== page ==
That brings us to what you really need to know as an investor…
How to Use the Property Clock
It all comes down to timing your purchase so you minimise expenses and maximise profits.
The Property Clock gives you a graphical representation of the state of a market at any given point in time. You can check a suburb against it to see what phase it’s in. And from there, you can time the market to ensure you’re getting the best value possible from the purchase.
Let’s say you’re looking at a suburb in Queensland. It’s currently tracking at 1 o’clock on the Property Clock. This means it’s starting a decline but it’s still near its peak.
Buying right now isn’t a good idea. The clock suggests there’s still plenty of room for prices in that suburb to decline. Buying at this point means you’re buying over market value in relation to what’s coming.
So you wait six months. When you check the clock again, the suburb’s at 6 o’clock. This suggests prices have bottomed out.
This may be a good time to buy if you’re anticipating a quick recovery. However, you may want to hold off a little while until the suburb starts showing signs of life again. It’s possible for a suburb to stay in a “bust” period for quite a while. This means you may struggle to attract tenants for any properties you buy.
After waiting a bit longer, you come back to the suburb to see it’s now at 7 o’clock. If you’re aiming to buy below market value, this may be the perfect time. The suburb’s started its recovery, but it’s still close enough to its bust period for prices to be low.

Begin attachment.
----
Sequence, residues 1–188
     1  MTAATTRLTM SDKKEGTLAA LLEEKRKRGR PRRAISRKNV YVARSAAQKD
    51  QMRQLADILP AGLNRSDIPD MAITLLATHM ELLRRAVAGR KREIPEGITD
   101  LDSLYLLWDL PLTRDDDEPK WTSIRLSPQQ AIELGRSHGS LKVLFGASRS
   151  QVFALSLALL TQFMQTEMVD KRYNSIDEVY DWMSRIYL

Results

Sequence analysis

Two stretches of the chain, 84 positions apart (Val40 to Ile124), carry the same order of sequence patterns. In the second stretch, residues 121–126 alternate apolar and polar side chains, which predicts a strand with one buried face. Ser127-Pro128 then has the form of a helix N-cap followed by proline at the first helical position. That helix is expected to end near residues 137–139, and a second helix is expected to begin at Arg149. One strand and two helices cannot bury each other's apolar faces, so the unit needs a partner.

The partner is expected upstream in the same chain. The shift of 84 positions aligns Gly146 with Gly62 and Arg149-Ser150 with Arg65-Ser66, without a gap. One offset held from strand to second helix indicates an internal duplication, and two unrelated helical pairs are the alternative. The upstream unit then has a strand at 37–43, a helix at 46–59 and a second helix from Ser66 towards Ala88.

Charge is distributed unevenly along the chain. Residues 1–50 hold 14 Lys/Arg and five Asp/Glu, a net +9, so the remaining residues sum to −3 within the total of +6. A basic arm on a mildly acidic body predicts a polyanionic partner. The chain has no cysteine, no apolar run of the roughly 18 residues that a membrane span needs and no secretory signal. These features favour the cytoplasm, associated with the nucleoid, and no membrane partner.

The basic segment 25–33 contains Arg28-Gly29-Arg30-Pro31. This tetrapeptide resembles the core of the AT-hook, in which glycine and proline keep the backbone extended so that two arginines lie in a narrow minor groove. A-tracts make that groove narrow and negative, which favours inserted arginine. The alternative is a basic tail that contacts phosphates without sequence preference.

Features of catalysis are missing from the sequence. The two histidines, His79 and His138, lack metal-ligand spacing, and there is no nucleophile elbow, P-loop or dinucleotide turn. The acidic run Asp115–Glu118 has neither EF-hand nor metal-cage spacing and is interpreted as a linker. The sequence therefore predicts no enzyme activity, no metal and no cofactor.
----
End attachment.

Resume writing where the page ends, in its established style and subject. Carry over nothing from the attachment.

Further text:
Buying at the Bottom of the Market
This is the tricky part. When you buy at the bottom of the market, there’s always a risk that it won’t recover quickly.
That means you need to look for signs of potential recovery before investing.
Possible signs include the local government dedicating money to infrastructure improvements. These often lead to businesses moving into the area, which boosts the local economy.
Low vacancy rates also suggest the market’s experiencing demand that supply can’t keep up with.
You may also look at the auction clearance rates. If they’re higher than 50%, the odds are good that the market’s on the rise.
Creating Your Strategy
As you can see, the Property Clock can be a helpful tool when it comes to property investing. However, using it is an inexact science.
It has its limitations. You need to do plenty of research beyond looking at the clock.
Plus, the Property Clock may mask opportunities within smaller suburbs or streets.
That’s where DG Institute comes in. We can show you how to use the Property Clock alongside other strategies to buy below market value and sell for a profit.
Lawyer, Asset Protection Specialist and Property Educator
Dominique Grubisa is a practising legal practitioner with over 22 years of legal and commercial experience. She is a property investor and developer, an entrepreneur with businesses in Australia and Southeast Asia, a speaker, educator, writer and published author. You may contact Dominique at firstname.lastname@example.org
This column has been written for general information purposes only. It is not intended as legal, financial or investment advice and should not be construed or relied on as such.